Jesus and the Jewish high priest, Caiaphas. Note the lack of 21st-century dental hygiene (nice touch).

Pontius Pilate, a governor from Rome charged with keeping the increasingly unruly Jews in line, has a wife who here is named as Claudia (and is amusingly played by an actress of the same name). She’s one of the most likable and respectable characters in the film, defending Jesus’ innocence against her easily pressured husband as she does in Matthew 27:19, while also comforting the other women closest to the prisoner as his physical abuse progresses. The Jewish high priest Caiaphas interrogates Jesus in what is essentially a show trial, but Jesus doesn’t take the bait and is rarely provoked to say anything at all. He gets slapped. The prosecution at least asks for proof, but others at this point simply make up evidence out of lies.

I’ve never cared for a certain specific thing Peter does in this movie. He denies Jesus multiple times, as is done in Matthew 26, but at one point Peter outright uses obscenity against an accuser, raising the question of whether his “curses” were simple instances of foul language or were something even more disturbing. Regardless, Peter is reminded of his promises of loyalty to Jesus and is brought to mourning over his actions.

Icon Productions - The Passion of the Christ - Judas returning coins - from http://www.screenjunkies.com/movies/movie-news/13-classic-cinematic-betrayals/
I find it somewhat easy to pity Judas, since he at least apologizes for his deeds.

Judas, meanwhile, penitently tries to atone for his mistakes by returning the silver he was paid to hand over Jesus. The amoral priests don’t even care whether Judas has betrayed innocent blood, and they don’t lift a finger to help him. Later, he is tormented by arguably the strangest characters in the whole movie, demon children who bite him and chant only-God-knows-what. Judas, who in his state has torn his bottom lip to shreds, takes the only option of forgiveness he knows, and with it, his own life.

Questions and brutality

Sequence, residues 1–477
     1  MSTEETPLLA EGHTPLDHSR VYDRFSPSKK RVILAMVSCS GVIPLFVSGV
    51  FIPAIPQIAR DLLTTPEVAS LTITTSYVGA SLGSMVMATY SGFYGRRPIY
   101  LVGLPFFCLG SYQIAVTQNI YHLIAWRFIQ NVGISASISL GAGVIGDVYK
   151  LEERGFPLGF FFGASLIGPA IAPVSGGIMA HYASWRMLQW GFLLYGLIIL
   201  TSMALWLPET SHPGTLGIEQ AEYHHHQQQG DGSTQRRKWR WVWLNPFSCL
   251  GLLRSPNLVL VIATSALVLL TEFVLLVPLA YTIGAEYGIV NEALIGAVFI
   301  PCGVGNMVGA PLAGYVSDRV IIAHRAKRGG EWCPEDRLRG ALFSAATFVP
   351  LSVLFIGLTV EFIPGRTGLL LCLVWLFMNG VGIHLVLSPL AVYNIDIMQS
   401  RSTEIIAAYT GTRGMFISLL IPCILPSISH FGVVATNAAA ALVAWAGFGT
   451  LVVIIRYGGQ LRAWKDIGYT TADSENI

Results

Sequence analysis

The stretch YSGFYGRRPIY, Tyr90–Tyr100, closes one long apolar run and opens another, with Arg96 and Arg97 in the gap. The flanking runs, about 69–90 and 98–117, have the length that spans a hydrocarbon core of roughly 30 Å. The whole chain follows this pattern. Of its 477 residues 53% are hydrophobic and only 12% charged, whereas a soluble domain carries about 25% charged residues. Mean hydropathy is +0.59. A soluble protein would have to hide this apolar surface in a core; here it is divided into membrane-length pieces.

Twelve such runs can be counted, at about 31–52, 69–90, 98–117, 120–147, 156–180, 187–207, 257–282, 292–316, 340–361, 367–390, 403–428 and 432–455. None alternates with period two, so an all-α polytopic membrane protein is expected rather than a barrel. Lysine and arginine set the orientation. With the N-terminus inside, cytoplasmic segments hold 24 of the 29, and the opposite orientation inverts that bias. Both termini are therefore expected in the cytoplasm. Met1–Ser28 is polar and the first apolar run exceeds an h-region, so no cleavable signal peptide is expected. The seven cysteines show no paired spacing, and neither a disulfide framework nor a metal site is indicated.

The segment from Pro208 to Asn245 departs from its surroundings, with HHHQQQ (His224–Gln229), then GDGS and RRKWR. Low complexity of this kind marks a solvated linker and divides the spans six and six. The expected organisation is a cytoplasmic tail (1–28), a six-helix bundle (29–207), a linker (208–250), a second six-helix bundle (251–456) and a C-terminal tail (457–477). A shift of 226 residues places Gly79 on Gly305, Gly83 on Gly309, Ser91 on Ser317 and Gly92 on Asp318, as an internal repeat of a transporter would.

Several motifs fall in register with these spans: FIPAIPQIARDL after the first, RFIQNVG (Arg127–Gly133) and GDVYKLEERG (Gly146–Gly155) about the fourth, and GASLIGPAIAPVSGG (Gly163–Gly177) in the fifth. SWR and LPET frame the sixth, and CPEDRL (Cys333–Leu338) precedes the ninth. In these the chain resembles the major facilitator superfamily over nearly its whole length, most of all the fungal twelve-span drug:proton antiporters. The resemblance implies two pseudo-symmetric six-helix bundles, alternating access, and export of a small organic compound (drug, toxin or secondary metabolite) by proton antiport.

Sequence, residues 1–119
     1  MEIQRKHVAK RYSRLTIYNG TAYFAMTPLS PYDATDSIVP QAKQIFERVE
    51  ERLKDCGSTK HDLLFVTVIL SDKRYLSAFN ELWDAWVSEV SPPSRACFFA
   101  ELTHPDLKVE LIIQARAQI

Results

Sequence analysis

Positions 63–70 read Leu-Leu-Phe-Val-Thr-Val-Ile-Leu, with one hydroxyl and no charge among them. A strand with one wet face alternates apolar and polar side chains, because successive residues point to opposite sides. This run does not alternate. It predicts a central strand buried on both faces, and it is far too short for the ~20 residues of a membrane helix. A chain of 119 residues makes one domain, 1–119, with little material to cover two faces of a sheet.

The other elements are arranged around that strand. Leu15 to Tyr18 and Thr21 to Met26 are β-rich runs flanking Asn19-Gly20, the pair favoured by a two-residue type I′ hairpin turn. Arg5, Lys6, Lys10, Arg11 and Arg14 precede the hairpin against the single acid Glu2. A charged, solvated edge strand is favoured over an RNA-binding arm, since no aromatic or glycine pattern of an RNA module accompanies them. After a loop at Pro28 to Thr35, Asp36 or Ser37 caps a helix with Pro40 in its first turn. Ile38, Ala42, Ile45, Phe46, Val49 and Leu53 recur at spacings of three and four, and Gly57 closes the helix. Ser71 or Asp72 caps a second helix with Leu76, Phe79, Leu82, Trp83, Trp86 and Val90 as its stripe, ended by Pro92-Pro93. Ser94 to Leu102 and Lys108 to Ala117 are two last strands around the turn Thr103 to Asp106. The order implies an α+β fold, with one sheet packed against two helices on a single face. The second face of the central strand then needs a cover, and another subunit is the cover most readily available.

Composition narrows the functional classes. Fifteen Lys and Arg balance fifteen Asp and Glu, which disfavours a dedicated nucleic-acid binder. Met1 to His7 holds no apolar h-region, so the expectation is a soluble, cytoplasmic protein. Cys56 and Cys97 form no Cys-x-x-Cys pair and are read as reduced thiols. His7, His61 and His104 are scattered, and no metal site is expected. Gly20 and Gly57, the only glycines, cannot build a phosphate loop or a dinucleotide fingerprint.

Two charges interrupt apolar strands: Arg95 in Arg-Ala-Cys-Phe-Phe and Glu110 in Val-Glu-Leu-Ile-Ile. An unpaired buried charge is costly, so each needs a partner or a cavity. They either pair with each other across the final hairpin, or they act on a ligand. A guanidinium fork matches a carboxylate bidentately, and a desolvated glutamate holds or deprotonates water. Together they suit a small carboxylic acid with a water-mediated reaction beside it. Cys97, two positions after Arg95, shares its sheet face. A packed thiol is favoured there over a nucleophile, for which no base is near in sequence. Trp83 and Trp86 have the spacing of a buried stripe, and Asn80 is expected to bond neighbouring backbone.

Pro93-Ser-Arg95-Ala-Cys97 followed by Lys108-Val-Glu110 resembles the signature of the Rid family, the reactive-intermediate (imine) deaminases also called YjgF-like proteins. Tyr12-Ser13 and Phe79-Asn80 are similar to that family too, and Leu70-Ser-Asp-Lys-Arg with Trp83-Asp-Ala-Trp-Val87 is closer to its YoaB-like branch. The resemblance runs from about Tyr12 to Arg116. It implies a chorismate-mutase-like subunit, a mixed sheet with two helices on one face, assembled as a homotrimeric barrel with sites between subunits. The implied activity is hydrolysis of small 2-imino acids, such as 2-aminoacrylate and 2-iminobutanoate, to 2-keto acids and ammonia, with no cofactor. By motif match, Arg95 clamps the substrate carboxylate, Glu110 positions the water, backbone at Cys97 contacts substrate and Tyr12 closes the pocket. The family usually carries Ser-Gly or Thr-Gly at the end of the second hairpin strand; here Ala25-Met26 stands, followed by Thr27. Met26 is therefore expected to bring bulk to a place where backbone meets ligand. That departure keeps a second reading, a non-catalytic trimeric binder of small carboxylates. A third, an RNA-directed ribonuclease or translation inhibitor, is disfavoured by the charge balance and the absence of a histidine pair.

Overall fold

Claudia admonishes Pilate not to condemn a man who hasn’t actually committed offenses worthy of punishment, and even Pilate himself is skeptical that Jesus deserves death. (The governor here lacks the visible albeit dubious force of personality he is given in The Last Temptation.) Nevertheless, Jesus is turned over to endure shame and mockery at the hand of the ruler Herod, this coming after he’s already had his face beaten. There’s a moment of perhaps distasteful black comedy with one man pretending to be dead so Jesus can resurrect him, laughing throughout. Even Herod lets Jesus go without sentencing.

Icon Productions - The Passion of the Christ - Claudia, Pilate's wife - from http://pyxurz.blogspot.com/2011/10/passion-of-christ-page-3-of-7.html
What if someone you loved had a life-or-death decision to make–and made the wrong choice?

Pilate’s wife is essentially the angel on his shoulder, petitioning more than once on behalf of Jesus, but Pilate fears for his reputation and position and asks a large crowd whom they want freed–Barabbas, a murderer who was involved in an insurrection (Luke 23:19, 25), or Jesus, who is being taken advantage of by so many people around him. Pilate chokes, and though Barabbas cackles upon his release, he doesn’t have the audacity to do so when looking right at Jesus, who at this point is marked for execution by the crowd. The governor compromises and allows Jesus to be severely harmed but not to the point of death, and–well, here we go.

(Graphic and extreme violent content are ahead. Children and the squeamish are hereby warned.)


Icon Productions - The Passion of the Christ - the beginning of Jesus' whipping - http://jesusthrumary.blogspot.com/2011/04/april-22-2011-good-friday-homily.html

The movie’s near-total lack of aversion to depicting blood and gore is probably its foremost identifying feature, and the story nearly drops out of sight. Jesus’ punishment begins, which is horrible to watch but is only the start of what the Romans and their implements have prepared. Jim Caviezel is rather disturbingly adept at portraying a man enduring nearly unimaginable torture, eventually lacking enough energy to stand up. Satan passes unseen among the soldiers, with the same hollow look in his eyes that Gollum had in The Lord of the Rings. Some of the supporting characters look on at Jesus’ bloodied form, and the Roman soldiers begin or continue jeering the Christ. End of round one.

Icon Productions - The Passion of the Christ - scourging - from http://everlastingloveandtruth.blogspot.com/2012/05/powerful-song-hey-peeps-its-been-too.html

A scourge, similar to a cat o’ nine tails, is brought out. As the lacerations on Jesus’ back grow with each swing, one of those swings gets caught in his back and has to be ripped out. I don’t know whether to cry like at least one of the Marys is shown doing, or to be in awe of the absolutely incredible makeup job. Someone had to go through the trouble of making all this, as perverse as that might sound to note, but the craftsmanship is clearly given quite a lot of effort. The soldiers also do an amazing acting job: one of them laughs, one looks stoic, and others look horrified. Each swing resonates within Mary’s own heart–I’m thinking this is the mother of Christ–and the film keeps going with these scenes for a very long time after it’s well and truly made its point.